Dynegy sees lower growth for 2002, improves balance sheet
Dynegy Inc. has reinforced its capital structure, slashed its expected growth rate for 2002, and taken a $125 million charge for the fourth quarter. It said a new corporate capital structure and a continued slowing economy will reduce growth for 2002 to 10-12% vs. the usual 20-25%.
Ann de Rouffignac
HOUSTON, Dec. 17 -- Dynegy Inc. has reinforced its capital structure, slashed its expected growth rate for 2002, and taken a $125 million charge for the fourth quarter.
It said a new corporate capital structure and a continued slowing economy would reduce growth for 2002 to 10-12% vs. the usual 20-25%. The earnings outlook was reduced to $2.30-2.35/share from $2.50-2.60/share.
"The growth rate will be about half of what was expected before. But it is growth nonetheless," said Dynegy CEO Chuck Watson on a conference call Monday. "Things have changed as a result of Enron [Corp.'s bankruptcy]. But this is no time to panic. There is no panic at Dynegy."
For the current quarter, Dynegy said it will take a $125 million charge attributed to exposure from Enron and its bankruptcy, costs associated with the terminated merger with Enron, and restructuring of Illinois Power, its merchant power company. Dynegy expects to earn 41¢/share for the quarter.
Moody's Investors Service downgraded Dynegy's credit ratings late Friday (OGJ Online, Dec. 16, 2001).
In response to the downgrade, Dynegy announced Monday a $1.25 billion revision of its capital structure to shore up its balance sheet. All three rating agencies still list Dynegy as investment grade, but Moody's has the company under review for possible further downgrades.
Watson said, "The balance sheet to execute the merchant energy business needs to be improved. I think this is a permanent move for companies in this sector."
Dynegy executives said the company is aiming for 45% debt-to-capital ratio, down from the current 50%. The changes Dynegy aims to accomplish include issuing $500 million of common equity within 6-9 months, a $375 million reduction in capital spending, and the sale of another $375 million in assets by the end of 2002.
"We are confident that we can get the cash in the door by yearend," Watson said.
Analysts questioned if the equity offering would come soon enough to strengthen the balance sheet, especially since the asset sales would take some time. Watson replied that he would examine the possibility of issuing equity as soon as February.
Enron filed for bankruptcy protection in November after an attempt to merge with Dynegy failed. Enron sued Dynergy for failing to complete the merger and there is doubt about the eventual ownership of Enron's Northern Natural gas pipeline.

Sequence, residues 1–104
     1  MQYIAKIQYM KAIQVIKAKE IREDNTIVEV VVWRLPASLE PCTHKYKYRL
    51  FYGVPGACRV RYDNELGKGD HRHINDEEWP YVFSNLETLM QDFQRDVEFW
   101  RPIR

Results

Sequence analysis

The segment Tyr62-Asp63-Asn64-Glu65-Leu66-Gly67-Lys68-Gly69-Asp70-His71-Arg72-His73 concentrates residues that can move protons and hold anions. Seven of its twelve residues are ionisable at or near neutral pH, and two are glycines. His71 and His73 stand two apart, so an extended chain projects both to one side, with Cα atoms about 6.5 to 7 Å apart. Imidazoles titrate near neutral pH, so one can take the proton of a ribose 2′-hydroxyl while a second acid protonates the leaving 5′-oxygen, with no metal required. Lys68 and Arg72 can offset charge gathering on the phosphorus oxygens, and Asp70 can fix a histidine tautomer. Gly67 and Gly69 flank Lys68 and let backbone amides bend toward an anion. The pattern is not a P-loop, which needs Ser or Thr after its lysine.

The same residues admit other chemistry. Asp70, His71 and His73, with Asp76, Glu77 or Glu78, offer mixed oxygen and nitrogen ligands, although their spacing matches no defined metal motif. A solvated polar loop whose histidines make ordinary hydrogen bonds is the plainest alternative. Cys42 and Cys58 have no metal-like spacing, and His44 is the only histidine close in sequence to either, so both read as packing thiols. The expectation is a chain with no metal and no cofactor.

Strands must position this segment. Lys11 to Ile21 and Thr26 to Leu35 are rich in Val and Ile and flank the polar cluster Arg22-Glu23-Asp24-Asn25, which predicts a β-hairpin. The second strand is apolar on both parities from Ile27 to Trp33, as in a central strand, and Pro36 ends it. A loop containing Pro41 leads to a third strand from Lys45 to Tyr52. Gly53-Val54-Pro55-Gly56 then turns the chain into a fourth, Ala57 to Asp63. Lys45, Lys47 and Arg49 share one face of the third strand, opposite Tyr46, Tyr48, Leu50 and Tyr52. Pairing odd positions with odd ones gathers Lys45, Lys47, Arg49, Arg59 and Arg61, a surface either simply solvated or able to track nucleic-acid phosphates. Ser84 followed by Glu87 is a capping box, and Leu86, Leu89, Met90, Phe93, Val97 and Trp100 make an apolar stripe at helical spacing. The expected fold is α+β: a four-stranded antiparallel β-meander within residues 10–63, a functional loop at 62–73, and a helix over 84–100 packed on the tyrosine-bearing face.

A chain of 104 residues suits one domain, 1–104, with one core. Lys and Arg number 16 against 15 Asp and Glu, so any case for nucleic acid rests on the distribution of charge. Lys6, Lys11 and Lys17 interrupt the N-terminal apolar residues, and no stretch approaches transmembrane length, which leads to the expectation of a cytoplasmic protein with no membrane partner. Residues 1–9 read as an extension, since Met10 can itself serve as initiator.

Moody's Investors Service cited uncertainty surrounding the litigation with Enron as one reason for its downgrade of Dynegy's ratings.
Meanwhile, the company said that the commercial paper market was closed to the company for financing short-term liquidity needs. Rob Doty, chief financial officer, said Dynegy would pay off all the paper from its available bank credit lines and then seek to expand the credit lines.
He said, "Our liquidity is the same after paying off the commercial paper. We have $900 million in credit and cash available."
Dynegy executives told financial analysts not to worry about the risk management activities of the company.
"In the very worse case scenario, we could fully collateralize our entire risk management book for $350 million," said Doty.
Dynegy said it received 70% of its earnings from hard assets and the rest from the marketing and trading organization. Half of the earnings from trading came from marketing around the company's hard assets, Doty said.
As far as risks to the company's equity and liquidity from further downgrades, Doty said $270 million of debt is subject to payment if Moody's and Standard & Poors downgrades the company below investment grade.
On the positive side, Dynegy received $130 million from California for energy delivered last February. COO Steve Bergstrom said March's payment is due in a few days. The total exposure to the California Department of Water Resources is $316 million. Bergstrom said California's payment for bills prior to February is not settled yet.
Contact Ann de Rouffignac at firstname.lastname@example.org